Transforming Ordinary People into Extraordinary Followers of Christ
Sermon Series: Radical Faith

Radical Faith: Part 2 of 7 – Radical Love – January 21, 2018


We are in a series of messages where we are studying some of the hard sayings of Jesus. And it doesn’t get any easier this week, as we look at Matthew 5:38-42. Jesus begins by saying, “You have heard that it was said,” and then he quotes an Old Testament law from the Book of Exodus, ‘An eye for an eye, and a tooth for a tooth.’ This stipulation stood in stark contrast to how the other nations dealt with personal injuries. Prior to the giving of the Mosaic Law, the world’s ethic was “Unlimited Revenge.” In other words, if you killed my daughter, I wouldn’t just kill yours, I might just exact my revenge by killing your entire family. In fact, it might ignite a feud between us that would go on for generations.

It was in that context that the Word of God came to replace the world’s ethic of unlimited revenge with the legal, civil ethic of limited punishment, where the punishment fit the crime. Our legal system today is set up on the same principle. This law, ‘An eye for an eye, and a tooth for a tooth,’ was intended to eliminate the ethic of unlimited retaliation which was, again, the prevailing ethic of the day. It was never God’s intention that this law be executed on a personal level. It was for the civil courts. So when Jesus says, “You have heard it said…but I say,” he is not disagreeing with this law. He is merely arguing that it’s meant to be applied at the government level, not the personal one.

You see, because of the hardness of man’s heart, the law permitted, at a civil level, punishment that fit the crime. But at the personal level, God wants us to put the thought of retaliation completely out of our mind. And that is what Jesus goes on to talk about here. He says, “But I say to you, do not resist an evil person…” He goes on to give several illustrations of what that might look like. Now, one of the greatest insults in that society was for someone to slap you in public. If they really wanted to shame you, they would slap you backhanded. Jesus says, if someone does that, tell him to slap the other side of your face while he’s at it. That is tough thing to hear. Jesus goes on to say that if someone sues you for your shirt, offer him your coat, too. Now that was really saying something, because people normally only had one coat. They wore it as an outer garment during the day, and it was used as a covering at night to keep warm. Because a man’s coat doubled as his bedding, biblical law allowed you to sue a man for his coat but you had to give it back by nightfall (Ex. 22:26-27; Deut. 24:12-13). And Jesus says, “Give him your coat as well.” And then he says, “If someone compels you to go with them a mile, go with them two miles.”

In Jesus’ day, Israel was under Roman rule. And there was a law that allowed Roman soldiers to compel citizens to carry their load for up to a mile. And the Jewish people resented that. They would do it grudgingly, probably whispering curse words under their breath, and stomping—looking for that mile marker. And when they saw it, before the soldier could reach out and take his sack, they would just drop it in the dirt. Jesus said if a Roman soldier makes you carry his pack one mile when you got to the mile marker, as he reaches out to grab his pack before you throw it into the dirt, just smile at him and say, “You know, I think I’ll just carry this for you another mile!” And that generous response will shock him. He will wonder why you are different as a follower of Christ.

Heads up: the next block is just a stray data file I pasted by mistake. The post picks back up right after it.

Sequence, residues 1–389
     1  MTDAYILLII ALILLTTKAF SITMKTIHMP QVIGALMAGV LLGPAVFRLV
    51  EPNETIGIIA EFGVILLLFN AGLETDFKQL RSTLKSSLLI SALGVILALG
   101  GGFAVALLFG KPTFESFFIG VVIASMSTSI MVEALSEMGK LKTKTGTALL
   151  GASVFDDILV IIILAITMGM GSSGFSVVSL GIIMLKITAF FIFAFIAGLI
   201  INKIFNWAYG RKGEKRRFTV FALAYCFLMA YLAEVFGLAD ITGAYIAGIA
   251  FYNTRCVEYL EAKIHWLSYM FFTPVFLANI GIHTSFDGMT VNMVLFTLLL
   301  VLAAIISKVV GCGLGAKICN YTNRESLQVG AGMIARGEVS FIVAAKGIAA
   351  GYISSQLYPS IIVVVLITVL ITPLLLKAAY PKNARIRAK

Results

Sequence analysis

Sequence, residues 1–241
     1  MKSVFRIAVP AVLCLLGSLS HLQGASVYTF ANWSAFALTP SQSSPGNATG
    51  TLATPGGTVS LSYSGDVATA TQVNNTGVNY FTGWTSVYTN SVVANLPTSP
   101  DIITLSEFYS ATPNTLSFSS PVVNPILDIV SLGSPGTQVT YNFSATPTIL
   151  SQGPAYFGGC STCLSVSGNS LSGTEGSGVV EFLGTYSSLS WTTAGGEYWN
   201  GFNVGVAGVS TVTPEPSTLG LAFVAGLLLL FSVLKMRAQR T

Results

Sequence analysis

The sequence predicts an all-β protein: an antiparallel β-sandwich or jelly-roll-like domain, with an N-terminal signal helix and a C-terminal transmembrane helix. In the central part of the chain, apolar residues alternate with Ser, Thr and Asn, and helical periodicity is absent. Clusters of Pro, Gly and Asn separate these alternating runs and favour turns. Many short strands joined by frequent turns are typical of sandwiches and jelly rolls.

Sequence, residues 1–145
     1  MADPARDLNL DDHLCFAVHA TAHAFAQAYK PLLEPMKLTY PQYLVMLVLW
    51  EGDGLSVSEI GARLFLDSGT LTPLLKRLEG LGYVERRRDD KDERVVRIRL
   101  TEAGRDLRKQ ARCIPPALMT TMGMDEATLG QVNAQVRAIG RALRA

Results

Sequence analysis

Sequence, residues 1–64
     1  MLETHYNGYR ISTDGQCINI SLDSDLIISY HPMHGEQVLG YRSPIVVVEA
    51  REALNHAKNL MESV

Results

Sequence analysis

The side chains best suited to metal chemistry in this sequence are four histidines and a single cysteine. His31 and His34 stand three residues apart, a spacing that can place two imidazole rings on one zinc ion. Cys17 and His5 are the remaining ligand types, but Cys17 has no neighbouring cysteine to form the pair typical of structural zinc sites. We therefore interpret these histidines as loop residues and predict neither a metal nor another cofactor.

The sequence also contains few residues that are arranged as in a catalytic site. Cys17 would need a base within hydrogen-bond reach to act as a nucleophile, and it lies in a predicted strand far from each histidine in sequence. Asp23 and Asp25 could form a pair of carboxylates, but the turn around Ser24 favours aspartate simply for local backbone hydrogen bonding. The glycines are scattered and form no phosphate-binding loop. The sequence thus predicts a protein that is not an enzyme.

Jesus goes on to say, “Give to him who asks of you, and do not turn away from him who wants to borrow from you” (Matthew 5:42). In these cases, Jesus is talking about a generosity of spirit. He is talking about non-resistance. He is talking about not returning insult for insult, but giving a blessing instead. But he is not meaning to imply unlimited generosity. Jesus wants us to pay attention to people’s needs. For example, in this last illustration Jesus gives us, he doesn’t tell us how much to give someone who asks something from you. He just says, “Don’t turn them away… if it is within your power to help.”

We need to be generous enough toward this person to have the power of “going the second mile.” We need to be generous enough that it shocks the person…in a good way. In a way that they catch a glimpse of God’s love. The law says, “Go the first mile.” Love says, “Go the second mile!” The Bible says that “A gentle answer turns away wrath, but a harsh word stirs up anger” (Proverbs 15:1). The next time you find yourself in a tense situation, apply this verse. Rather than escalate the conflict with a harsh word, deescalate it with a gentle response. Turn the other cheek, go the extra mile and see what God does.

Church, it works. That is why we are here today. Jesus did more than just turn the other cheek. He laid down his life for us. He is not asking us to do anything that he hasn’t already done. It works….and it is life-changing.


  • Determine to glorify God by being generous towards others. Never repay evil with evil. Give a blessing instead.
  • Meditate on Romans 12:21, 1 Thessalonians 5:14 & Proverbs 15:1.


Each week, write down one doable concrete step of obedience, small or large  that you will put into practice this week. (James 1:22: “But prove yourselves doers of the word, and not merely hearers who delude themselves.”)

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